I’d like to clear things up a little before I even begin this topic: the Second Amendment to the Constitution of the United States of America is NOT going anywhere. No matter what. That means you get to keep your guns you lunatics.
There are people out there, I am sure, that want to take your guns away. There are some that wouldn’t mind if somehow those guns would turn on you, like a jilted lover, because in essence it seems that you are enamored of the gun. Guns have their place. They give a sense of security. They can be used to hunt for food. They can be used for defense.
Americans like guns. We have a constitutional right to own them, but what about the public health concerns associated with gun ownership and use? Is it a valid concern? Much like the public’s concern for clean drinking water, clean air, healthy food, and safe medications, does the government and those in the healthcare field have a duty to study and regulate the use of guns?
The “Dickey Amendment,” a provision within a bill passed by the US Congress in 1996, and fully supported by the NRA, prohibits government funding to research gun violence in the US. That means that the CDC can not study the affects of gun violence in the community, the use of firearms among different cultures, genders, mental health issues and gun ownership, or ways to prevent gun violence. Nothing. It was in direct response to research published in 1993 by the division of the CDC known as the National Center for Injury Prevention, that showed that gun ownership increased the risk of homicide in the home. The Dickey Amendment redirected >$2 million away from gun violence research for the next 20 years. In 2011, similar restrictions were applied to the NIH at the urging of the NRA.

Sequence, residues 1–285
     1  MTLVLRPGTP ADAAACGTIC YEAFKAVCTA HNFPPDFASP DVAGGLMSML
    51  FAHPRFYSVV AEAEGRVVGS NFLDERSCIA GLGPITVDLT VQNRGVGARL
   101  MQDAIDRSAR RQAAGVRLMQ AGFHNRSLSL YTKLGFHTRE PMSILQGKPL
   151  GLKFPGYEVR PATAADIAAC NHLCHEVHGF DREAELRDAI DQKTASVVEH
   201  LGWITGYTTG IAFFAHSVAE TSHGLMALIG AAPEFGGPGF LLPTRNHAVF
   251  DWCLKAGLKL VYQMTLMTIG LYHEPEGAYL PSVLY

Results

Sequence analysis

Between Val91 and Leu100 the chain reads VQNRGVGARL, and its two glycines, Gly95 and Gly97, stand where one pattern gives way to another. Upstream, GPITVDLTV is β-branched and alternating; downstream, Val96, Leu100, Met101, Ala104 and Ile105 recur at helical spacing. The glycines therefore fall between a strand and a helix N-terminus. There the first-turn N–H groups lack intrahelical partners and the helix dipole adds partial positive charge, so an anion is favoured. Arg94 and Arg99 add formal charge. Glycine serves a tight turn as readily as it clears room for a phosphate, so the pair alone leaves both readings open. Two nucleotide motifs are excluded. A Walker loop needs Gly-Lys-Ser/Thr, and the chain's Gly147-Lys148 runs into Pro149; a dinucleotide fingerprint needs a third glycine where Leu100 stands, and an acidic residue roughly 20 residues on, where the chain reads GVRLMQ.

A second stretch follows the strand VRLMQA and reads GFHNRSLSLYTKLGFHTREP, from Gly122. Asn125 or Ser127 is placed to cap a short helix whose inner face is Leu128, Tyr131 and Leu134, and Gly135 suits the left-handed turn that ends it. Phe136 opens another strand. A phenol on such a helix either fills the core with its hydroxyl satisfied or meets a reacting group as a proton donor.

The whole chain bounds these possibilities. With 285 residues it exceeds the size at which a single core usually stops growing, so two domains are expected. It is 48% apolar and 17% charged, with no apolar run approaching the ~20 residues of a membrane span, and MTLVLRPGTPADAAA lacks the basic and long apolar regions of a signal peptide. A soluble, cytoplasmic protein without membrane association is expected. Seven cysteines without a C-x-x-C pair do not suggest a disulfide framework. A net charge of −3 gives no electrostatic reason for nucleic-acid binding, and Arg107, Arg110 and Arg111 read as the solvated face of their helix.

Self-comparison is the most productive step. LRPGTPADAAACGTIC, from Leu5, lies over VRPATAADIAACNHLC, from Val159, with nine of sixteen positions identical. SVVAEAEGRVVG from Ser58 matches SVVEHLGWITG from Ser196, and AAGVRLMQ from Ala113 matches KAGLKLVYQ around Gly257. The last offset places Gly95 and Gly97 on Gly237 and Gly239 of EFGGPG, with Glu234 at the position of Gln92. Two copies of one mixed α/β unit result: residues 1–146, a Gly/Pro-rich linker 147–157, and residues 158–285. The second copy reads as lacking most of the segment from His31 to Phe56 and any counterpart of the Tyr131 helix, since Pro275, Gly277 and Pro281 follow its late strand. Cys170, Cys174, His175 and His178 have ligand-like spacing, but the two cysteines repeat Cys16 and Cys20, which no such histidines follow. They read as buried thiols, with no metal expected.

Medical professionals on the front lines of the aftermath of gun violence issued a call to action in April of 2015. They have demanded a concerted effort by the government to research gun violence and institute guidelines. These professionals include:
- The American Academy of Family Physicians
- The American Academy of Pediatricians
- The American College of Emergency Physicians
- The American College of Surgeons
- The American Congress of Obstetricians and Gynecologists
- The American College of Physicians
- The American Psychiatric Association
- The American Public Health Association
- The American Bar Association
In essence these groups of healthcare providers and lawyers expressed the need for research, mental health and background checks for firearm purchases, a ban on assault weapons, and the ability to discuss the dangers of guns with patients. They also advocated for a fair and confidential way to assess someone prior to labeling them as dangerous and removing their right to own a weapon. In no way were any of these organizations advocating for a repeal of the Second Amendment. You get to keep your guns. Healthcare providers and lawyers just want to make everyone safer.
How are we, as physicians, as Americans, able to make sound decisions, or offer sound advise on a subject that has not been scientifically researched in over 20 years? The mere fact that a ban has been applied to government funded research on gun violence, makes one wonder what is being hidden and what is being covered up? There once was a time when no one knew the dangers of drinking and driving, smoking cigarettes, or the harms of drugs in pregnancy. That was a time before research, government-funded research, research by the CDC and other organizations.
The public deserves to know the inherent harm in owning a gun. At this time, I would have to side with the pro-gun enthusiasts, though. What’s all the fuss about? Why is everyone trying to ban guns? Most people who own guns are upstanding citizens wanting to protect their families. We have no facts to say otherwise and it’s time that we get the facts. If we are going to have a real debate about guns, shouldn’t we have all the facts? It’s time to lift the ban on research and uncover the truth.
Photo credit: Ozan Uzel